It is the last-named quality, his compositional thrift, which has placed him outside the purview of listeners looking for a sensuous wallow in kaleidoscopic sound. Louis Couperin demands an initiates complete submission to the mysterious laws of pure musical utterance. Georges de la Tour, born about the same time as Couperins father Charles, is a visual parallel, but the painter profits from our ages intensely visual orientation, whereas mans ability to "unconsciously count" (Hume) in the language of music seems to be rushing towards extinction.
Couperins supposed difficulty as a composer culminates in the sixteen "unmeasured" preludes, notated in whole notes only, without barlines. These pieces have their roots in improvisation, but are highly crafted. There is clear rhythm here, and even metre, if the player can find them. That task is complicated by the poor quality of the two manuscript copies, made at an unknown number of removes from the lost autograph, in which they are preserved. The printing of keyboard music was prohibitively expensive in Louis Couperins day, and that, and his early death, help to account for his relative anonymity. Such preludes common in France for about seventy years were compared at the time to musical prose, as opposed to the metered dance movements that make up the majority of his extant harpsichord works. Puzzled listeners are gently advised not to worry too much about understanding the Préludes non mesurés. If you hear them repeatedly, you will begin to sense a kind of subterranean tempo, and the series of gestures will begin to cohere like an oration. You will soon find yourself profoundly moved.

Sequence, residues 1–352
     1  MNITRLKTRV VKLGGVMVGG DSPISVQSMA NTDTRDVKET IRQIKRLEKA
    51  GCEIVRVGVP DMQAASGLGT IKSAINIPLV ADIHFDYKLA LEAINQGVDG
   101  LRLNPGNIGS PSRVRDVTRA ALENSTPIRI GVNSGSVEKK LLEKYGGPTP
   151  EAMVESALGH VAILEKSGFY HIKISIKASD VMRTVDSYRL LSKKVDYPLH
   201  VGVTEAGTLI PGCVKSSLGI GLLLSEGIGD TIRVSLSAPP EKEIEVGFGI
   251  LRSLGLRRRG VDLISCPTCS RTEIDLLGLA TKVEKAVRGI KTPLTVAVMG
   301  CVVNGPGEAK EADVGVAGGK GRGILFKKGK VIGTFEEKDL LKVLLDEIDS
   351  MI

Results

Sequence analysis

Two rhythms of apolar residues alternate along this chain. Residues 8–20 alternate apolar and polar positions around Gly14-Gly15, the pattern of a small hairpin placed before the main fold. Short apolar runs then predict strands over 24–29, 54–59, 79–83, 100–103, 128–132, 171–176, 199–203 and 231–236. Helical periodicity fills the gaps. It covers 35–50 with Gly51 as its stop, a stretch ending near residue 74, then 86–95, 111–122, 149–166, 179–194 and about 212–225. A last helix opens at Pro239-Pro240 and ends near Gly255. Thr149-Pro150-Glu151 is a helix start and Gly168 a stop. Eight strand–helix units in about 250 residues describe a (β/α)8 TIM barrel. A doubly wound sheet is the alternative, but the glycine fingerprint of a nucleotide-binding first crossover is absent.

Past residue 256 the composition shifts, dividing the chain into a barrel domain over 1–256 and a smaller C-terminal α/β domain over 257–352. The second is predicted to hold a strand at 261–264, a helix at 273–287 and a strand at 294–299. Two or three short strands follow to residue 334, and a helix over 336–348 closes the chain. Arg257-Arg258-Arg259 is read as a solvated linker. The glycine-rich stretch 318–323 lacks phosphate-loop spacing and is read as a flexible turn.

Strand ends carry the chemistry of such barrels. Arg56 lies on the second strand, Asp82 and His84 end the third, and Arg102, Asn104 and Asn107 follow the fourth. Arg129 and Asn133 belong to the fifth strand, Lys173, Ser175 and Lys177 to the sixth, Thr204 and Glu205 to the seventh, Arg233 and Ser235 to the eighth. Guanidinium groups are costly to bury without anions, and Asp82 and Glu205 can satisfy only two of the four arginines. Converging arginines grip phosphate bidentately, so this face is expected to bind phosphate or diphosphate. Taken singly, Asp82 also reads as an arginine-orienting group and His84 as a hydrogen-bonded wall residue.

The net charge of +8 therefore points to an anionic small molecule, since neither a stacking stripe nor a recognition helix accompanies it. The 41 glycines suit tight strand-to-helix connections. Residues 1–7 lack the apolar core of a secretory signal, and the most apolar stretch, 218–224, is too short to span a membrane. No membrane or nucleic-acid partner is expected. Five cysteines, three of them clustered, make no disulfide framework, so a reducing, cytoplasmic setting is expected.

The two sources mentioned above are large anthologies, loosely organised by key, with no trace of larger cyclical groupings. This recording is also grouped by key, with each key announced by a prelude. Three of the groups might be called suites, although the word is an anachronism, and no fixed order of dance movements existed in Couperins day. Two of the longest preludes stand alone, and I have borrowed a title for them, Toccade, from a similar piece by a composer of the next generation, Elisabeth Jacquet de la Guerre. They show the influence of Toccatas by Couperins friend Froberger not only in the hommage of the A minor preludes title, but also in the presence of a central fugue, their range of passionate declamation, and their expansive figuration.
The death of another friend is memorialised in the Tombeau de M. de Blancrocher. This famous lutenist fell down some stairs while inebriated and is said to have died in Frobergers arms. There may be another Tombeau on this disc, although it is not designated as such in the source. The F sharp minor Pavane is Couperins only example of this obsolete form, often used for Tombeaux, Lamentations and the like, as well as his only piece in this bizarre key. The sense of inconsolable personal grief it so searingly conveys makes me wonder whether it was composed on the death of Charles Couperin père (1653), who had given Louis Couperin and two of his brothers such a thorough grounding in music, back at home in Chaumes-en-Brie.